Tips on Collecting Family Stories

Tips on Collecting Family Stories

By Dan Hyde

 

A good way to collect family stories is to visit older family members in the quiet of their home and interview them. I have tried to collect stories at reunions and at other family events. However, there are usually too many distractions and people can’t think of stories. Reunions are great places to ask people to be interviewed later.

 

When I visit a person’s home I take a digital camera. I take pictures of the family and their home. I also ask if they have any old photos or documents, e.g., letters, scrapbooks, old newspaper clippings, old military papers, or old family deeds that I could see. People are very reluctant to let you borrow these to copy and for good reasons. For a variety of reasons, people just can’t be trusted to return them. What I do is use my digital camera to take pictures of each old photo and document in full view of the owner. That way the owners never let their precious photos or documents out of their sight.

 

I also take a digital recorder. Now many of you may remember the old tape recorders. The newer digital recorders are so much more compact and convenient. Sell that old tape recorder at a garage sale and buy a digital recorder. Below is a picture of my Sony IC recorder to show you how compact and small it is. And the digital sound quality is much better that the old tape recorders. Mine records in stereo and is capable of recording high quality sound more that 21 hours. That’s plenty of time for recording several interviews. In fact with such a large capacity, at family events I set mine in the middle of the dinning room table and let it record the whole dinner-time conversation.
Sony digital recorder

These digital recorders are sold at Staples and other electronic stores starting at about $40. You want one that records in MP3 format and plugs into your computer’s USB port. That way it is easy to transfer to your PC or Mac and you don’t need to perform any conversions on the digital sound format. The Sony Digital Flash Voice Recorder ICD-PX312 is a nice model with these features and sells on Amazon.com for about $50.

 

Once you have the sound files in your computer, you can edit them and save them in your genealogy program.

 

I usually ask for permission to record the interview. I show them the tiny digital recorder, press the “Record” button, and place the recorder nearby. No big microphone pushed in their face. In a few minutes, the person usually forgets that the tiny, nonintrusive digital recorder is there and starts to open up.

 

Rather than directly ask the individual for stories, I ask a series of open-ended questions that might bring out the stories. Don’t ask questions that can be answered in one word, e.g., “Did you attend high school?” Ask questions that are open ended such as “What do you remember from high school?” “Any funny incidents?” “Any school accomplishments you are proud of?” “Who was your favorite teacher? And Why?”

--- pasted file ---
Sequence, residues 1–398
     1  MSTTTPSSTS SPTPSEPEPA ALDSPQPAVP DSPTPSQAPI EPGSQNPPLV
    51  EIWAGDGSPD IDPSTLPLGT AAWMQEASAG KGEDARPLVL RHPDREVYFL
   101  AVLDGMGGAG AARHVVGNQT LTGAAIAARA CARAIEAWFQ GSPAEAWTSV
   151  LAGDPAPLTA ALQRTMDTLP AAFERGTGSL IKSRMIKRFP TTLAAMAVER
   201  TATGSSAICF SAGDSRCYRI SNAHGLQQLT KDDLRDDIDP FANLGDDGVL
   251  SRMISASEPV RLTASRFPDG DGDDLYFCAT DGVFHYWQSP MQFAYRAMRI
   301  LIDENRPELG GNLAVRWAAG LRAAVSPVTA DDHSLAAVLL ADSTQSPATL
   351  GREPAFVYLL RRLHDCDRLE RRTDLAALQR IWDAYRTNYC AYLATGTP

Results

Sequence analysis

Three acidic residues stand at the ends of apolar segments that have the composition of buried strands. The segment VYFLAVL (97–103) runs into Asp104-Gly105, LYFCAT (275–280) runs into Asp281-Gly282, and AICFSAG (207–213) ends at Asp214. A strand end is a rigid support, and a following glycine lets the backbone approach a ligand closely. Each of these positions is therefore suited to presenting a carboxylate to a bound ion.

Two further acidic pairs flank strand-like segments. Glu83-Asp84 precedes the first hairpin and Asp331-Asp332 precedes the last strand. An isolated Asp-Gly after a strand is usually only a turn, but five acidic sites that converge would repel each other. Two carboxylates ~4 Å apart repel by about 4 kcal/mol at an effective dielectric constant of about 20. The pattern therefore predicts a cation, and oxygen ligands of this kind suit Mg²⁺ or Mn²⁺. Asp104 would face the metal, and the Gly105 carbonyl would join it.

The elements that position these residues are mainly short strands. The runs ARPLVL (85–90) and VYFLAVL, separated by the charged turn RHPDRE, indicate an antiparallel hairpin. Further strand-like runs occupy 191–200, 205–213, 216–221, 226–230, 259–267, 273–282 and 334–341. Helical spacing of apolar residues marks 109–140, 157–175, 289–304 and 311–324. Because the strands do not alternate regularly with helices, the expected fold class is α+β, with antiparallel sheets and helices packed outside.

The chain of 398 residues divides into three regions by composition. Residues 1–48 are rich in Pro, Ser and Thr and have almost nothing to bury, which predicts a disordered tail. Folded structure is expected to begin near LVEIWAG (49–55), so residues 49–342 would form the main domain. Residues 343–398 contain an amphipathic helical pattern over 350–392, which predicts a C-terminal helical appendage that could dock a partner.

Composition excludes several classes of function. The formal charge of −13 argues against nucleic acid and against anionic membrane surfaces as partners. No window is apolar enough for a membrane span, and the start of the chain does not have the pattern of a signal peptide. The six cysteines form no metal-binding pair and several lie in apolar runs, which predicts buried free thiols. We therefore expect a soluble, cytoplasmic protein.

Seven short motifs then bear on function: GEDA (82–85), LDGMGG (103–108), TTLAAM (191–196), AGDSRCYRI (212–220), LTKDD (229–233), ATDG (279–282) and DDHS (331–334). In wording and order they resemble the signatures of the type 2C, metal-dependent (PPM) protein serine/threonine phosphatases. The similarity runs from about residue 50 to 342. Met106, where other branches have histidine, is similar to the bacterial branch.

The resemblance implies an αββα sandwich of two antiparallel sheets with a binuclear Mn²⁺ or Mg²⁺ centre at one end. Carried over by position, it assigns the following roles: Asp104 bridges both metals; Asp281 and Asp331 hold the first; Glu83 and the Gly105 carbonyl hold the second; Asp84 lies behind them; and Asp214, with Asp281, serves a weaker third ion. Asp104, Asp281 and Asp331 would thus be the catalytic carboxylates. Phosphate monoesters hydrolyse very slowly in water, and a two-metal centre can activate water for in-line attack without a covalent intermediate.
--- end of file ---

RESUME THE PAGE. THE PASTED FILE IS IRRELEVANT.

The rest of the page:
I first ask questions about them and their immediate families. If the person starts a story, I encourage him or her to continue. Depending on the situation, I might ask the following questions to bring out stories:

 

  • Where did you live? Why did you move?
  • What do you remember of your childhood? Any incidents with your brothers and sisters? Describe your childhood home. Any favorite pets?
  • When and whom did you marry? What do you remember of your honeymoon? Did you always get along?
  • Who are your children? When and where were they born? Where do they live? Were they a handful growing up?
  • Where did you attend high school? Do you remember any funny incidents? Any school accomplishments you are proud of? Who was your favorite teacher? And Why? Describe your Senior Prom. Any sports?
  • Did you attend college? Where and what major? What activities were you involved in? What parties do you remember? Did you ever get in trouble?
  • Where were you employed? What did you do? Any accomplishments you are proud of?
  • Were you in the military? Where were you stationed? Any funny incidents? Any scary moments?
  • Which church (synagogue) do you attend?
  • Any volunteer work?
  • Were you active in any organizations? Which ones and what was your involvement?
  • Did you go on any trips or travel? Describe your favorite place you visited.
  • Any talents? Music, sports, dancing, hunting?
  • What are your hobbies?
  • What are you passionate about? Why?

 

When we start to exhaust areas about the individual, I ask similar questions about his or her older relatives trying to draw out stories. When I stumble on an interesting fact, e.g., a famous visitor came to town or an infamous deer hunt, I push for more details. Some example questions:

 

  • How did your Mom and Dad meet?
  • What do you remember of your grandfather?
  • What was grandmother’s cooking like? What was Christmas like at her home when you were a child?
  • Any famous relatives in the family and why are they famous?

 

I try to limit my interviewing to about an hour. Older people get tired easily.

 

Later, I will play back my interviews and transcribe any interesting stories. Then I expand the story’s text by answering the standard who, what, where, when, and why questions to provide a context. Also, I will add further descriptive details to make the story more interesting.

Web Resources on Collecting Family Lore and Stories